+ The NYT thinks Ted Cruz has a shot.
+ Jeb! has a new campaign slogan, which doesn’t really seem like it will address the issues with his electability but sure, why not.
+ Donald Trump says he refuses to appear on John Oliver’s Last Week Tonight, which works out well because he was never asked to.
+ Paul Ryan, new House Speaker, says that immigration reform is just not even going to be talked about while Obama is in office, because “it would be a ridiculous notion to try and work on an issue like this with a president we simply cannot trust on this issue.”
+ One of the many things that happened as a result of local elections in many US states this week is that Matt Bevin will now be governor of Kentucky. He’s promised to “dismantle Obamacare” and to get rid of an already-running and successful Medicaid program and health insurance exchange; he doesn’t believe that climate change is a result of human action; he wants to defund Planned Parenthood, he plans to pass Right to Work legislation that would prevent unions from collecting union dues, and more. He’s a real stand-up guy. Kentucky is now heavily Republican-controlled state, which means that one of the last significant Democratic presences in the South is gone.
+ Former boxer Yusaf Mack has come out as bisexual as well as addressing an earlier controversy wherein he was filmed in a same-sex porn scene and told press he had been drugged before participating in it. Mack now says that he consented to participate in the scene, and is now going to be open about his sexual orientation.
“I’m not looking for sympathy or even understanding, I’ve kept this secret for a long time. It is time to move forward and this is me walking in my truth. There are other men and women that are set up in the similar situations and I just hope I can be inspiration to be just be you. The extreme taboo and harsh criticism of living a same-sex lifestyle, especially as an African- American male, makes it hard to be completely honest and comfortable within yourself. But I had to remember that I am a champ & I can fight and will fight through this. I am more than my sexual orientation. To all of my supporters I thank you dearly.”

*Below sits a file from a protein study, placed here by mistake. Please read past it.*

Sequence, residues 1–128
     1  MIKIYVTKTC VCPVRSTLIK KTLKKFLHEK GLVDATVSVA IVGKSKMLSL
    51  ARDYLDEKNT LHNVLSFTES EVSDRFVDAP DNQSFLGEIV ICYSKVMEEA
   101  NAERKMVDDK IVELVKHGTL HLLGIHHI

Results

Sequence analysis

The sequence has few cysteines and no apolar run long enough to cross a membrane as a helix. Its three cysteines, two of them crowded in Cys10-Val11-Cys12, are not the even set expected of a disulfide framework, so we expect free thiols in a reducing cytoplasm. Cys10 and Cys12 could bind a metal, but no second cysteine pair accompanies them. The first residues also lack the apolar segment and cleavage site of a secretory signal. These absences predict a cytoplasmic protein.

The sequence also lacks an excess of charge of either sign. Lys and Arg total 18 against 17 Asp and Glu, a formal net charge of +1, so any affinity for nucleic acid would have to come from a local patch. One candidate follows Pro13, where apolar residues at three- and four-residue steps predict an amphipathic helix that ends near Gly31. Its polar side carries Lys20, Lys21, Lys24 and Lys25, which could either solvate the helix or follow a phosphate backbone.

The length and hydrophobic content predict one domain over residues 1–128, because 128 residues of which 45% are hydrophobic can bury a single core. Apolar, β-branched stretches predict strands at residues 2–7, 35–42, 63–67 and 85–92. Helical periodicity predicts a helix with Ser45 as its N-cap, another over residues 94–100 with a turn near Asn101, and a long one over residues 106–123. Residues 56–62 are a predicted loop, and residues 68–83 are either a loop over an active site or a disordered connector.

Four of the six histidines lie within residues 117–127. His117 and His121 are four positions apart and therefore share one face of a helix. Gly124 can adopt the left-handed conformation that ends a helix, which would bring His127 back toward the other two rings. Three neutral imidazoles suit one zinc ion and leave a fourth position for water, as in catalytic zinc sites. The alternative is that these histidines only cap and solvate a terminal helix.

+ Justin Trudeau has revealed his cabinet for the beginning of his tenure as prime minister, and it has women in it! It will be the first time in Canada’s history that its cabinet is half female.
+ Women’s rights activists in Myanmar are getting death threats for talking about sexual health.
+ Seattle has declared a state of emergency regarding its homelessness crisis in order to access aid funding to address it.
A count of people experiencing homelessness in King County on one night in January 2015 found 3,772 people without any shelter, including 2,800+ in Seattle proper—which represented a 21 percent increase over 2014. There were a total of 6,275 people living in shelters and transitional housing, and Washington state reports that about 35,000 people become newly homeless in the county at some point each year. A 2013 report from the Seattle Human Services Department found that while people of color made up 33.7 percent of the population, they represented fully 72 percent of all familes (and 46 percent of all single adults) seeking emergency shelter.
+ On BLM’s solidarity with Palestine and Palestinian activist Rasmea Odeh.